MV Agusta Forum banner

1 - 3 of 3 Posts

·
Registered
Joined
·
42 Posts
Discussion Starter #1 (Edited)
I have finally published the write up of the trip from the Seattle area to Mazatlan, Mexico. It is on my blog here:

http://home.comcast.net/~leewgrey/site/

From there click on the “blogs” and you will find the write up under “missives”, the Summer 2011 missive to be exact. It is not short. It was 22 pages in word and doubled when I added the images.




After thoughts on the Brutale as a tourer


Depending on what I was doing I would tour this bike again. If I were going to get off pavement onto gravel or dirt for much of the way I would take the F650GS. It is designed to do this and does it very well. If the route were all pavement then the Brutale stands up well to the task of touring. It is a minimalist experience as you won’t be carrying much with you but then you will never be that far from a store to buy what you need. The sitting position is a lot more conducive to touring than I thought it was going to be. I thought I had 2700 miles of torture to get the bike home but it was not like that at all. The position is not great but is certainly doable. It would have been better if I had softened up the suspension but this is counter balanced by the fact that the bike itself runs perfectly smoothly.

Things I did not do to the bike and did I have regrets not doing them. I thought long and hard about adding a windscreen. I did not regret not adding one. They are expensive, I don’t like the looks of them and I would only need it until I got home. And in the 1500 miles I rode the Brutale before I left including several 100 + days I discovered a few things about how the bike works for me. I don’t like the weight on my arms that sitting position produces but by 55 or 60 mph the blowback is holding me up and by 70 I’m holding on. I did not want a windscreen to disturb this and on the trip I never got arm weary once. So I would not do a windscreen. Saddlebags were the other gear I thought about but did not buy. I could have carried more but it would not have made the trip any more comfortable, safe, or enjoyable. You’re going on motorcycle trip not putting your house on wheels. Its suppose to be different. Get over it, pare down, get by. It works. A little depravation makes you appreciate your things more. Like the old joke where a fellow is walking along and sees another guy hitting his head against the wall. He stops and asks "Why are you doing that, it must hurt?" and gets the reply "Because it feels so good when I stop!"

Things I did do to the bike and how did they turn out?

1. The seat. No question this was a good idea. I am older now and not made of steel anymore. I can’t imagine what the original seat would have been like and have no desire to learn.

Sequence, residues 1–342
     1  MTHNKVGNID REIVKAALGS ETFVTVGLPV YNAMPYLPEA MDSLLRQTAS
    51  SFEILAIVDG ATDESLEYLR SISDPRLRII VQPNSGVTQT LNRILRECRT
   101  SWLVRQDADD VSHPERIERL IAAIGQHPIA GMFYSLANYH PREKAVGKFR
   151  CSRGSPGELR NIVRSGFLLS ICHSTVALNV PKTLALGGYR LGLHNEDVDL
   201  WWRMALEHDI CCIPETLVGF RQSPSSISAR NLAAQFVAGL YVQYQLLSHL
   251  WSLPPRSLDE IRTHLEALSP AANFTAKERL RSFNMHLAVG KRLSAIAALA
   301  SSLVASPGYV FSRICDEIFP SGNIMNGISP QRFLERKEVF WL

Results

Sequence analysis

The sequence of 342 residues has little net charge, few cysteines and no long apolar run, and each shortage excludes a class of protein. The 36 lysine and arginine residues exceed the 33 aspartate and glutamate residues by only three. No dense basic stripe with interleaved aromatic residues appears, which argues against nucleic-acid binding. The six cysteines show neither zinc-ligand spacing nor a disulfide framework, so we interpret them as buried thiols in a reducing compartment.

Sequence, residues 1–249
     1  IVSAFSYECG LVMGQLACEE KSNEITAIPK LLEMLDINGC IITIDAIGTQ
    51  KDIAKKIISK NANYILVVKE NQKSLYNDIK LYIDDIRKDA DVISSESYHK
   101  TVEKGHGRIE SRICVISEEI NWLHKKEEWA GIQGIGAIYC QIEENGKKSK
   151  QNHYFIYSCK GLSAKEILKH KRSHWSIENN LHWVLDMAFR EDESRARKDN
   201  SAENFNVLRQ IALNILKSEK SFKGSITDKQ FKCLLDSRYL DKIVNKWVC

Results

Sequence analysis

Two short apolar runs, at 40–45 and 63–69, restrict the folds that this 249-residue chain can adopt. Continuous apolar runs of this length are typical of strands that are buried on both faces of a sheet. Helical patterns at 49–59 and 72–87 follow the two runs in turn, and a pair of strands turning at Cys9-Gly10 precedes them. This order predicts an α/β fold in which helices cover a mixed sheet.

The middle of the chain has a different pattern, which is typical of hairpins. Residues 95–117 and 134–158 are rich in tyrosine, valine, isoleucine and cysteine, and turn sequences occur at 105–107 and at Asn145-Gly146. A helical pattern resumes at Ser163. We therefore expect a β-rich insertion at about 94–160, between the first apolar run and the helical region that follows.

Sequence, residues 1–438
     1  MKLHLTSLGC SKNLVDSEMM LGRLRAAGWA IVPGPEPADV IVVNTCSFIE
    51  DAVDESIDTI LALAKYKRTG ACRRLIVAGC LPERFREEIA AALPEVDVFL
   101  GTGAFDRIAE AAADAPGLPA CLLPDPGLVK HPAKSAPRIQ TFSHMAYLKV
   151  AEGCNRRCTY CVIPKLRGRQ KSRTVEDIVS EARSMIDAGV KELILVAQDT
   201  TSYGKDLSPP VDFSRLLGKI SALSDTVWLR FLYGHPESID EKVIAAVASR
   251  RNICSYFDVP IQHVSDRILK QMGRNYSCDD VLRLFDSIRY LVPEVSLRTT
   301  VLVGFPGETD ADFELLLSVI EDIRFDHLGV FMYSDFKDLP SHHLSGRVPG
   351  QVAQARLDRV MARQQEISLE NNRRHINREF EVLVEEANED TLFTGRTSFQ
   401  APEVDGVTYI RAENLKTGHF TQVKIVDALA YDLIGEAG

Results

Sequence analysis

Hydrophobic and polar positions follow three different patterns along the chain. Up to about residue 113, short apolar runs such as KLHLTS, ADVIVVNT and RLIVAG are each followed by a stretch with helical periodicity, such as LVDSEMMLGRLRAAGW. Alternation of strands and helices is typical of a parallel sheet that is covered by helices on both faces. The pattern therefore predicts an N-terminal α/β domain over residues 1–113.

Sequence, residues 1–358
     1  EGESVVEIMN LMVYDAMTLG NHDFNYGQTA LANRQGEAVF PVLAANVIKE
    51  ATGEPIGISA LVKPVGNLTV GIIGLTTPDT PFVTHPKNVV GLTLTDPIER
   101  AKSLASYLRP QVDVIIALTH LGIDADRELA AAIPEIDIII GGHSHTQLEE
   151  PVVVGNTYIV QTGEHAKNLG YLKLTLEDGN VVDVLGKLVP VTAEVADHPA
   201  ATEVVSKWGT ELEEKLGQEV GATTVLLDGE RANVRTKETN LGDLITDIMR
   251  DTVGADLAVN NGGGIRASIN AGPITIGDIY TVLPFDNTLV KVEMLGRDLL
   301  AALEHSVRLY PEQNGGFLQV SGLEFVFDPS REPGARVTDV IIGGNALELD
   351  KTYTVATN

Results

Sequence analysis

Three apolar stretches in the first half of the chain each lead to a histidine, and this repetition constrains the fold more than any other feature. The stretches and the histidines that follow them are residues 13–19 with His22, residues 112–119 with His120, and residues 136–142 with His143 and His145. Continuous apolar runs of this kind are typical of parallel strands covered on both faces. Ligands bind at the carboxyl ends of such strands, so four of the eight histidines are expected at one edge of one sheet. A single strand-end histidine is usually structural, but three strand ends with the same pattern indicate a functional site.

2. Rear hugger. Keeps the bike cleaner. Probably worth it but hardly mandatory.

3. Rizoma pegs. You bet, much improved grip.

4. Sliders. Cheap insurance, get some.

5. Improved water pump. This worked surprisingly well. On the original the bike ran in the high 2 teens and low 2 twenties a lot. Now it runs 10 – 15 degrees cooler and almost never goes above 214 even in stop and go traffic down here where it is hot. Buy one, you’ll be happy.

6. Big bar ends and bar end mirrors. The bike came with big after market bar ends, don’t know whose. The Rizoma mirrors give very good view to the rear and the combination are stable enough that I car read license plates in them. Can’t ask for more that that.

7. Rizoma grips. Boo. These things have very little grip. Look great, just don’t perform. They are OK for a day’s work but not a trip.

8. Throttle Rocker. This may be the neatest $12 item I have ever bought for a bike. Before you say, “How many $12 things can you buy for a bike?” let me say it redeemed those Rizoma grips. I had to modify the thing a bit. It is designed to have a wide rubber band thingy mounted on your grip and the Throttle Rocker then clamps to that. Well, with bar end mirrors that was not going to happen so I cut the band and used gel super glue to glue it right to the Throttle Rocker. If anyone has not run across these things before, they are designed to be adjusted so that you can keep the throttle open the desired amount using the heel of your hand rather than gripping the throttle and twisting. It did this very well. I’m going to leave it on the bike.

9. Dual compound tires. I put on Michelin Pilot Road CT2 or something like that, second generation dual compounds anyway. Between those and my consciously staying on twisty roads whenever I got the chance I arrived home without any noticeable flat spot in the center of the tire. I guess they worked and the grip seems good enough for me. They have about 3500 total miles on them now and have at least that much more in them.


What would I have done differently? Really not much other than the grips. I’d use the same set-up next time without worry.

So where am with all this. I have some friends up in New Hampshire who own a beach house in North Carolina. They say I can stay there if I want. They leave a key with the neighbor and will let them know when I’m arriving I choose to do so. I’m beginning to think that would be a nice trip. It’s been a long time since I stopped at a fish camp in Alabama or Mississippi and had fried catfish, hush puppies and a coke. I’m beginning to think that if I go, I’ll go on the goose.
 

Attachments

·
Registered
Joined
·
440 Posts
Great write up, thanks. I have done some touring on my Brutale also, although not like your trip. Glad you made it home safe. Make a trip to New Orleans and give me a shout, I grew up there. Great seafood.
 

·
Registered
Joined
·
984 Posts
Good writup and beautiful pictures of your Brutale.

I dream about a long trip on my Brutale too. But it does not go so well with the family.
 
1 - 3 of 3 Posts
Top